Song Dynasty

Many art historians consider the Sung (or Song) Dynasty the most brilliant of traditional China.
The early emperors made a conscientious effort to develop and promote the Confucian
concept of a meritocracy, based on a professional, centralized bureaucracy of
civil servants identified through the establishment of the civil service examination system.

In the Song Dynasty, aesthetics became more refined and more sophisticated, although the media of expression
(jade and ivory carving, stone scupture, painting, calligraphy, poetry, and especially ceramics) remained pretty constant.
Chinese painting, poetry, and calligraphy were closely intertwined aesthetically.
Art critics termed painting, poetry, and calligraphy the "Three Perfections," (Dragon 126) or as a kind of marriage ofwords and images.
Emperor Huizong devised this elegant calligraphic form which he called "slender gold" for its
"delicate brushwork and sparing use of ink" (Dragon 126). His composition translates,

Mountain birds, proud and unfettered,
Plum blossoms, pollen soft and light,
This painting will be our covenant,
Until a thousand autumns show upon our hoary heads.

(Dragon 126)

Left is a rare sample of the famed painter and calligrapher, Mi Fu. To convey mood and tone, the poet altered his brush strokes and script in this poem, "Sailing on the Wu River" (Met, 66)

(Met 66)

"With a blank scroll before him and an empty wine bowl at his feet, an intoxicated poet-calligrapher sits beneath a willow trea, waiting for inspiration (Dragon 127).



Monumental landscapes dominated the painting genre. In the later Sung period, the Imperial Painting Academy, especially during the reign of Huizong, set standards of excellence (and extravagance) in art. Huizong was himself a gifted landscape painter; one of his most famous paintings, "Finches and Bamboo," is too large to reproduce here in its entirety, but it "reflects the elegant style for which this cultivated emperor and connoisseur was known" (Met, 68-69).

(Hearn, 49)
Under Huizong's patronage, painting reached a "zenith that would be emulated by all subsequent imperial academicians." Sung artists perfected their depiction of religious figures, flowers, birds, and animals with a keen eye to realistic detail (Hearn 24). The charming kitten, by artist Li Ti, shows Sung artists' fascination with nature and detail.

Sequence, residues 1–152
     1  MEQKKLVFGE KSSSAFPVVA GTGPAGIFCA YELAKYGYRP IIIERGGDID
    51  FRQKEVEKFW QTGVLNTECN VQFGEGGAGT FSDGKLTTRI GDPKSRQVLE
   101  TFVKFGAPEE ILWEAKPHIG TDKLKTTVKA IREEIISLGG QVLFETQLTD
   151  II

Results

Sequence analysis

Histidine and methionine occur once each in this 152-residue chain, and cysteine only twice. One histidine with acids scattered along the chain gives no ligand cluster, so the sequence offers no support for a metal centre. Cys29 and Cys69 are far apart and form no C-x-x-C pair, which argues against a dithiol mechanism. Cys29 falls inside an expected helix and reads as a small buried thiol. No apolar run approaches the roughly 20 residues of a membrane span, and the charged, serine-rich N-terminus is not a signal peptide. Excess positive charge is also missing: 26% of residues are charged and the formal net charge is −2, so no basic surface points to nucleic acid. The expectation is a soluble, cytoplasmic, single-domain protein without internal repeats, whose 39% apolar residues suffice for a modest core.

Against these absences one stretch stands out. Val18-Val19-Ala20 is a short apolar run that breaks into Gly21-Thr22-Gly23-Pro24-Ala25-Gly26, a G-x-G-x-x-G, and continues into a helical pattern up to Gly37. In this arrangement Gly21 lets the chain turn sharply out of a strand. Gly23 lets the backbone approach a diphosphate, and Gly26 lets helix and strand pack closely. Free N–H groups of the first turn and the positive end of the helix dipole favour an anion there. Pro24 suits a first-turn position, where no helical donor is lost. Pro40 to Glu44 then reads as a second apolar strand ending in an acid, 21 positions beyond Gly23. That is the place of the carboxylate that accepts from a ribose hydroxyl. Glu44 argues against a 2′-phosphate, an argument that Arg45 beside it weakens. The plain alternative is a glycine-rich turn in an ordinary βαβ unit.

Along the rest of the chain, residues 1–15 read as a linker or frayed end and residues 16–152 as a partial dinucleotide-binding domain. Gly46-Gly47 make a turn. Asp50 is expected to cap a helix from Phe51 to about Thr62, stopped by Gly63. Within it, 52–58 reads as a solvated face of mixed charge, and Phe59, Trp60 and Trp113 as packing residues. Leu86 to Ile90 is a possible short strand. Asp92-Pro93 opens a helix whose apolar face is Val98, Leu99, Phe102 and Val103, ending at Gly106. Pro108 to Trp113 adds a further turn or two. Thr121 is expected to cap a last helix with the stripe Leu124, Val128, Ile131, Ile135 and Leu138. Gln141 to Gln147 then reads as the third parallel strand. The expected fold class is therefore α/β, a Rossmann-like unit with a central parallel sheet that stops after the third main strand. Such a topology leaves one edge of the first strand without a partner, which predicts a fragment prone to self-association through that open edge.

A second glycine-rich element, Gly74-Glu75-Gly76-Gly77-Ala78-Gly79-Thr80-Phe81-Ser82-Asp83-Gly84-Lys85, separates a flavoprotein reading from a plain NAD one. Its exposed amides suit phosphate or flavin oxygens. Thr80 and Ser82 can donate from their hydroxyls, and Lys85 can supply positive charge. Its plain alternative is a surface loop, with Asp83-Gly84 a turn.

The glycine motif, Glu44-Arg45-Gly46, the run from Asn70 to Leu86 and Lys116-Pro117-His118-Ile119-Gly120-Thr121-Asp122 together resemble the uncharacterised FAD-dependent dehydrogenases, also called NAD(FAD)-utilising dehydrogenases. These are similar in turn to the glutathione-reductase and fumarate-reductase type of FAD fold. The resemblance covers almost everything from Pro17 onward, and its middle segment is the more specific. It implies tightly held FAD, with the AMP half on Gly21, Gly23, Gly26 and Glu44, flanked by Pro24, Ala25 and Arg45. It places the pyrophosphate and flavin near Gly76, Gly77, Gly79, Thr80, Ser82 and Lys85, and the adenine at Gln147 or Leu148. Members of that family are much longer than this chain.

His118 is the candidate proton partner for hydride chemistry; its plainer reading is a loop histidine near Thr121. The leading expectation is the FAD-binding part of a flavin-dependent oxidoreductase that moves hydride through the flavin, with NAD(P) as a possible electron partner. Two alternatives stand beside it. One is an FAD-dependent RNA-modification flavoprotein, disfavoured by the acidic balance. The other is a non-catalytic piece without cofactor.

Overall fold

All of the decorative arts flourished during the Song era, but supreme among them reigned ceramics. The growing scarcity of copper led artists and artisans away from working with bronze and to develop more refined and sophisticated objects with clay and to experiment with different combinations of glazes. An examples below from the Ting kiln sites illustrates the "simple, elegant shapes and superb glazes that seamlessly merge into an organic whole" (Hearn 25). A charming porcelain pillow in the shape of a small boy, attesting to the continuing concern with marriage, family life, and the hope that the pillow's owner will have a son (Hearn 46)

(Hearn 46)

The beautiful bowl (right) is from the Ju kiln site. Its "elegant, lobed body and scalloped edges...were undoubtedly influenced by the shape of a lotus blossom" (Hearn 44). Its use was probably to hold a wine pitcher.

(Hearn 44)

No discussion of the aesthetics of the Song Dynasty would be complete without at least a passing reference to the custom of footbinding, which seemed to have become widespread among the elites during this era.


The above link has quite a bit of information on footbinding.
If you want to see more shoes and learn more about "golden lilies," footbinding,
and the exquisitely tiny shoes that girls and young women embroidered
for themselves, google "shoes" and "golden lilies"

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Campos, Melinda. Kowloon Traders. Los Angeles, 1999.(see above)

Halsall, Paul. Chinese Cultural Studies. Brooklyn. (see brooklyn.cuny above)

Hearn, Maxwell. Splendors of Imperial China. New York: Rizzoli International Publications, Inc., 1997.

Metropolitan Museum of Art: Asia. New York: The Metropolitan Museum of Art, 1987.

Smith, Bradley and Wan-go Weng. China: A History in Art. New York: Doubleday and Co., Inc.

What Life Was Like in the Land of the Dragon. Alexandria, Virginia: Time-Life Books, 1998.

See also, "China the Beautiful"